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Capn_Fish
I'm getting that itch to try a new Linux distro (I've been using (X)Ubuntu), and am debating between trying Slackware or Gentoo, or moving to Debian.

I really don't mind a lack of GUI tools or fiddling, so what distro do people recommend I try first? I wouldn't really be "trying" Debian, as I've been fiddling with it for a while.

I'm really only looking for ease of package removal (installation isn't so much of an issue)/building, and this installation would be on a 1 GHz dektop with 1 GB of RAM. I have 40 GB partitioned off for fiddling (I knew this was going to happen biggrin.gif), so disk space shouldn't be an issue.

Thanks.
T3_slider
I'm partial to Slackware, but this really is a religious debate. I'm not sure about Gentoo, but Slackware has a removepkg tool for uninstallation (also available through pkgtools, a GUI-ish front-end for removepkg etc.).

Slackware has a nice rpm2tgz tool to allow you to use RPMs as well as its native .tgz package format, but compiling is no big deal.

Using a newer version of WINE under Slackware requires a 2.6 kernel (which most people would install anyway), but the 2.6 kernel is not the default (although it is an option when you install Slackware).

Although I will soon be getting a new PC (It's about time), I'm currently running Slackware on a 333 MHz (Yeah, you read it right) processor with 256 Mb RAM, so it should definitely run fine on your PC.

Bottom line: You already know what you'd be getting from Debian (You said you are already fiddling with it), so I would say try out either Gentoo or Slackware and if you don't like it then move to Debian (Or try the other one).
Capn_Fish
I really want to use a 2.6 kernel. Is it fairly painless to set it as the default?
T3_slider
Yes, it's basically painless. A kernel screen in the installation process allows you to select a 2.6 kernel image (I think it's called "test26", but I don't remember). You can also upgrade the kernel to 2.6 after installing the 2.4 kernel, but if you're installing from scratch anyway it's easier to install the 2.6 kernel from the start.
desertrat
Gentoo. When uninstalling packages you will be told which files have been removed and which files/directories were not removed (usually when directory is not empty), thus you can manually check and remove if necessary - this means no crud need be leftover from uninstalls.

The best thing about Gentoo (apart from its excellent and copious documentation - much better and more extensive than Debian's I might add) is that it is continually updated.
Capn_Fish
I (almost) never read docs anyway, so they aren't really a bonus wink.gif.

Any other opinions? I'm currently thinking Gentoo, and will probably go install it soon, but I'd like to hear what others have to say.
tanjian2
QUOTE(Capn_Fish @ May 25 2007, 06:13 PM)
I (almost) never read docs anyway, so they aren't really a bonus  wink.gif.

Any other opinions? I'm currently thinking Gentoo, and will probably go install it soon, but I'd like to hear what others have to say.
*

Fedora anyone? I use Fedora Core 4 daily - haven't yet seen the need to go to FC7 - not sure why Linux feels the same need as M$oft for fast frequent updates. I am running Firefox 2 and Thunderbird 2 and OpenOffice. Fedora uses yum as its update mechanism - simply type yum update and wtach as the system gets updated.....

If you really need Windows and want Linux I cant recommend VMWare strongly enough - like I said I use FC4 daily at work, I have XP at home - cos my kids want the latest games and school forces them to use M$soft - but I use Fedora Core 5 and 6 in VM machines. You can also download pre-made Linux 'appliances' to try out a few distributions before committing one to the hard drive _ *smile* Good luck and have fun....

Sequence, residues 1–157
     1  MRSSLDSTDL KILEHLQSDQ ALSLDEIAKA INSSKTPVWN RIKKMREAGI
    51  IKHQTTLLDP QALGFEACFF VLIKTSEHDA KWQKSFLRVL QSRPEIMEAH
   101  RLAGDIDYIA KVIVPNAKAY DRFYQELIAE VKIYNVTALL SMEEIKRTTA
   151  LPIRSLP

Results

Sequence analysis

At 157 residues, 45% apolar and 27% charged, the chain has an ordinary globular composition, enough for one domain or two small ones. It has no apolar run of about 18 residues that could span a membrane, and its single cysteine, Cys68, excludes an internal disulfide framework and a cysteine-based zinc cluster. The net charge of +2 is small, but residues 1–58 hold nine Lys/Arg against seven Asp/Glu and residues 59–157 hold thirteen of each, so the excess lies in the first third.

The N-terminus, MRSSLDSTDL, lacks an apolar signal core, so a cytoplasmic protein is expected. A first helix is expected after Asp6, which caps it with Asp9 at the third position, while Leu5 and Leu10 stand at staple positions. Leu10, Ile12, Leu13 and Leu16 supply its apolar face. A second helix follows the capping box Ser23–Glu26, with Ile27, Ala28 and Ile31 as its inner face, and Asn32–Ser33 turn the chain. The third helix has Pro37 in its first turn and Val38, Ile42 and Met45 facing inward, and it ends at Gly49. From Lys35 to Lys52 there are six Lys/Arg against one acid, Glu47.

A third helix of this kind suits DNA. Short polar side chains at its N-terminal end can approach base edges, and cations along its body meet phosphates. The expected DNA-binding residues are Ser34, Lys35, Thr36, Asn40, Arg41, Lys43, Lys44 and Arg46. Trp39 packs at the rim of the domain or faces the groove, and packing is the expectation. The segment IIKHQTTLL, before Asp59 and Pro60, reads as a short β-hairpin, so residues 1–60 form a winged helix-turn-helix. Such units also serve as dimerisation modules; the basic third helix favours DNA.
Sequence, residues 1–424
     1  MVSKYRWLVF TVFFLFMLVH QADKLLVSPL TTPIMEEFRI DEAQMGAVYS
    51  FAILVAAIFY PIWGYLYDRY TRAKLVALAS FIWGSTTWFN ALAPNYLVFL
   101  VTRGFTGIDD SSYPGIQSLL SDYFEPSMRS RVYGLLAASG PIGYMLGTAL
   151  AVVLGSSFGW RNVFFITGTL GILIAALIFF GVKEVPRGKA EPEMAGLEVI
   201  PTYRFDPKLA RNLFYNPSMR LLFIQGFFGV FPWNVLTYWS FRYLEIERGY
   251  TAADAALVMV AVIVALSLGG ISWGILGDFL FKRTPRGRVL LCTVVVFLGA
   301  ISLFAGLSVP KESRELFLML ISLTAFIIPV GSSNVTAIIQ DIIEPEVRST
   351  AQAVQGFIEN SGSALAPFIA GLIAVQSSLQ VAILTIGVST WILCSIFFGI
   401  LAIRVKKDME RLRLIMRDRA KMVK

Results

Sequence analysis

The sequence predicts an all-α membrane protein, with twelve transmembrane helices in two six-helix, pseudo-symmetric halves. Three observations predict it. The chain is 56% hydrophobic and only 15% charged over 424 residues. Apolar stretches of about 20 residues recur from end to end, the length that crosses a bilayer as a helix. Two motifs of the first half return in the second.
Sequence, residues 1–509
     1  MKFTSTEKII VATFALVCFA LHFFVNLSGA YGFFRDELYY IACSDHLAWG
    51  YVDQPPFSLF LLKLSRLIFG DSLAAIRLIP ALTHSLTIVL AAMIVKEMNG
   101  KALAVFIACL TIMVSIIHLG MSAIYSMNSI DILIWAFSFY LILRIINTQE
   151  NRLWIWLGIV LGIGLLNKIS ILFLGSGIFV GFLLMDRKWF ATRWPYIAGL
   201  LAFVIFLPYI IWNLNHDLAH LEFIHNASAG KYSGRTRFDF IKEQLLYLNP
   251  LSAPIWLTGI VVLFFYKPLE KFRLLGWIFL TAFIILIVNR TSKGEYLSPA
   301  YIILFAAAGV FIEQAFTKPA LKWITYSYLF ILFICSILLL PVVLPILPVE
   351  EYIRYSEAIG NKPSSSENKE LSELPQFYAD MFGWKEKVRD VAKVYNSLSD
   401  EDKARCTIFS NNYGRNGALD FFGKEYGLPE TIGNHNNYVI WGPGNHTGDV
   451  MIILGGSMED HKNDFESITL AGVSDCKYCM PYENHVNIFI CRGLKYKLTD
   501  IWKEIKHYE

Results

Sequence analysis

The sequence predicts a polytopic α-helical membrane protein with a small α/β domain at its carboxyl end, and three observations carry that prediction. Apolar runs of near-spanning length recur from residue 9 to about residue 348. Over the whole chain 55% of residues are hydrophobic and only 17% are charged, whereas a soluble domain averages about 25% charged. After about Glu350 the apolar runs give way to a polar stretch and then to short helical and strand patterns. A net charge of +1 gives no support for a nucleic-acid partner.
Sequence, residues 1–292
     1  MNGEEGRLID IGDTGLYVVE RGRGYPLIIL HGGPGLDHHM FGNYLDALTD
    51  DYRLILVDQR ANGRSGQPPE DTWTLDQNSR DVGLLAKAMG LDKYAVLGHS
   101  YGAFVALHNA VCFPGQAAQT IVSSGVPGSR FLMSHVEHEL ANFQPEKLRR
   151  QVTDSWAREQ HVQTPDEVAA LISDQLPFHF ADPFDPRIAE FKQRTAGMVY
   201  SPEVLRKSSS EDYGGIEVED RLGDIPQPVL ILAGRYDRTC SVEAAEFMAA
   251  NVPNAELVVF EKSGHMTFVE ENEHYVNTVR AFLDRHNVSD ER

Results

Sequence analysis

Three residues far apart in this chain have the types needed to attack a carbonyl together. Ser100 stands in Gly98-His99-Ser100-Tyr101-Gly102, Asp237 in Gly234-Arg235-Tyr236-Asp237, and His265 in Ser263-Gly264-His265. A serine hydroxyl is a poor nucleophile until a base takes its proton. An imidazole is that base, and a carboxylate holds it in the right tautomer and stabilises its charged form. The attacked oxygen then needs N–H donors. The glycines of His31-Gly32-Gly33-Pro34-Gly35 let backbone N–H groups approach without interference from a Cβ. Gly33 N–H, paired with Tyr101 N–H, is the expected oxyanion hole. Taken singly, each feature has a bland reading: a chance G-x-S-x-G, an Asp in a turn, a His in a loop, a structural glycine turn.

ZDevil
Since you are having a 3100, i would highly recommend OpenBSD, which for me is gaining much momentum and is becoming a real force. wink.gif
You can safely keep sharp/cacko in flash intact because obsd runs only on a big MD (or CF).
I've been asking around for making pdaXii dualbooting with obsd. Eager to see a solution.
Two things in obsd that beats all other Z distros: 1) official support; 2) port tree system
Also in terms of stabililty and ease to build compile nativelyi would say OBSD fares even better than the current pdaX.
The setup procedure is just (~95%) the same as on desktop.
Capn_Fish
I'm actually looking for a Desktop/Laptop distro, and I am Windows-Free.

Anybody have an idea as to why Gentoo can't connect to the internet? It has an IP address, and emerge worked with the live CD... I can ping on the local intranet.

I installed with the minimal CD, but am DLing the Live CD now to try. It is over 700MB, though, so wouldn't it not fit on a CD?
adf
prognosis on when we might see openbsd running from SD? that would be, to me, the ost tempting option
T3_slider
QUOTE(Capn_Fish)
I installed with the minimal CD, but am DLing the Live CD now to try. It is over 700MB, though, so wouldn't it not fit on a CD?

Maybe "Live CD" is just a traditional statement. wink.gif

If you have a DVD-ROM drive you could probably use that, or alternatively a USB flash drive.

I just checked the Gentoo Live CD file and it appears to be 700.29 Mb. If you get one of those 700 Mb CDs it might fit, but it seems tight...maybe the ISO is slightly larger than the actual size after burning. I would say give it a shot and if it doesn't burn try a USB stick or something (I know, stupid answer).
Capn_Fish
QUOTE(T3_slider @ May 25 2007, 10:36 PM)
QUOTE(Capn_Fish)
I installed with the minimal CD, but am DLing the Live CD now to try. It is over 700MB, though, so wouldn't it not fit on a CD?

Maybe "Live CD" is just a traditional statement. wink.gif

If you have a DVD-ROM drive you could probably use that, or alternatively a USB flash drive.

I just checked the Gentoo Live CD file and it appears to be 700.29 Mb. If you get one of those 700 Mb CDs it might fit, but it seems tight...maybe the ISO is slightly larger than the actual size after burning. I would say give it a shot and if it doesn't burn try a USB stick or something (I know, stupid answer).